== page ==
Because of the great number of bytes to be taken into consideration in modern modules of complication technology, such check sum formations are relatively time-consuming. While this is not substantial for the modules themselves, in this context, the loading of the processor thus conditioned represents an undesirable dynamic load increase as this processor has to fulfil other tasks as well.
It is therefore an object of the present invention to propose a method for checking groups of data formed from a plurality of bytes wherein the method leads to more favorable relations in the context described above.
Such object is inventively achieved with a method wherein groups of data are split into subgroups whereby, in addition to the useful bytes, these subgroups contain auxiliary bytes which are also considered in the check sum formation. Given desired modifications of the useful bytes, the auxiliary bytes in the respectively relevant subgroup are modified such that an intermediate check sum formed with respect to the data of the subgroup remains unchanged. For the processor delivering the data, this means that a check sum formation required in connection with a data modification is only an intermediate check sum formation limited to a fraction of the total data, requiring only a tenth of the previous time outlay, for example.
The check sum formation and the intermediate check sum formation occur in the form of a modulo summation or correspond to what is known as the CRC algorithm (Cycling Redundancy Check).
Additional features and advantages of the present invention are described in, and will be apparent from, the Detailed Description of the Preferred Embodiments and the Drawings.
FIG. 1 shows the layout of a storage unit, e.g. a RAM of a communication module, which is inventively split into sections A1 to An. Besides the useful bytes DB NB, each storage section contains auxiliary data (dummy bytes).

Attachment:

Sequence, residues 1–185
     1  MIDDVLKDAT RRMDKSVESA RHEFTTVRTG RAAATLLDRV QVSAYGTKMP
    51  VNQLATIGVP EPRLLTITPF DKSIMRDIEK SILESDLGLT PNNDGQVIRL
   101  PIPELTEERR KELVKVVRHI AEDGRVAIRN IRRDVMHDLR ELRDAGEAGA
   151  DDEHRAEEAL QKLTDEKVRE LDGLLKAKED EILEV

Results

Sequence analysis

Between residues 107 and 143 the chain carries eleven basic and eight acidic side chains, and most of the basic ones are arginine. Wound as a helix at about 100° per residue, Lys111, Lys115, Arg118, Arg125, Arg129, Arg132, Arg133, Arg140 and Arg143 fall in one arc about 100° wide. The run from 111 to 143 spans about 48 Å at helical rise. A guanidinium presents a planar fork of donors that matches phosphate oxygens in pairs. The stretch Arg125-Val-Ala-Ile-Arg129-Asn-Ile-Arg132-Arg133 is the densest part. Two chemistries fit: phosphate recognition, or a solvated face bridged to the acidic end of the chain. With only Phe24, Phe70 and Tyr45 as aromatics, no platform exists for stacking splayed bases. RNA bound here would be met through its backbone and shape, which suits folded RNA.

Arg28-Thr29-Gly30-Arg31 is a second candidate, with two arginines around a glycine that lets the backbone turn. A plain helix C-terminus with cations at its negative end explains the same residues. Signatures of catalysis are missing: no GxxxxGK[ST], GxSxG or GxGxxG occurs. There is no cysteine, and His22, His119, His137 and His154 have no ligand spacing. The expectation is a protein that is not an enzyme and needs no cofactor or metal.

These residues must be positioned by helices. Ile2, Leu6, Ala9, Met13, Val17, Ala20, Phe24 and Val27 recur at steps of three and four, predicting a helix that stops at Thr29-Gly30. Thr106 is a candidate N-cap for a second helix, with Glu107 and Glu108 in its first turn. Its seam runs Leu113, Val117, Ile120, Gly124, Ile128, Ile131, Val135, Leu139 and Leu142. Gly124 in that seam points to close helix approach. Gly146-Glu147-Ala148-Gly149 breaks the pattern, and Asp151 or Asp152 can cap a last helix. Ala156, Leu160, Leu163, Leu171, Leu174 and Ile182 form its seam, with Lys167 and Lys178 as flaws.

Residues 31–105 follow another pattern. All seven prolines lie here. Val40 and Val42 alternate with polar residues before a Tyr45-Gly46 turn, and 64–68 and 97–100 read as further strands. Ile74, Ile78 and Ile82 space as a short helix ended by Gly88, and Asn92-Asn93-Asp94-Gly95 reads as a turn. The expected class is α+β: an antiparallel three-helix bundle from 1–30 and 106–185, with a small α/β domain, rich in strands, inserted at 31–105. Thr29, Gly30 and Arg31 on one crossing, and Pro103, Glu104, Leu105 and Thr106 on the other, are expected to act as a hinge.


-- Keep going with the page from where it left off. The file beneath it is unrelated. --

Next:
If a byte or a plurality of bytes of section A2 is to be modified, for example, the processor is modified corresponding to a suitable algorithm of one or more of the auxiliary data bytes such that the intermediate sum valid for this section remains unchanged. The processor thus needs to process only a relatively small number of bytes compared to the total data stock. If the entry succeeds in orderly fashion, the check sum relevant to the entire data stock will remain unchanged and the check carried out by the module will bring a correspondingly positive result.
As indicated, in the formation of check sums and intermediate check sums, a modulo addition can be used wherein only those errors which modify the total data stock are detected. But a CRC check can also be utilized, by means of which errors consisting in an inversion of the sequence of data bytes in the storage unit also can be detected. The application to other check algorithms directed to the evaluation of a check sum is likewise conceivable.
Although the present invention has been described with reference to specific embodiments, those of skill in the art will recognize that changes may be made thereto without departing from the spirit and scope of the invention as set forth in the hereafter appended claims.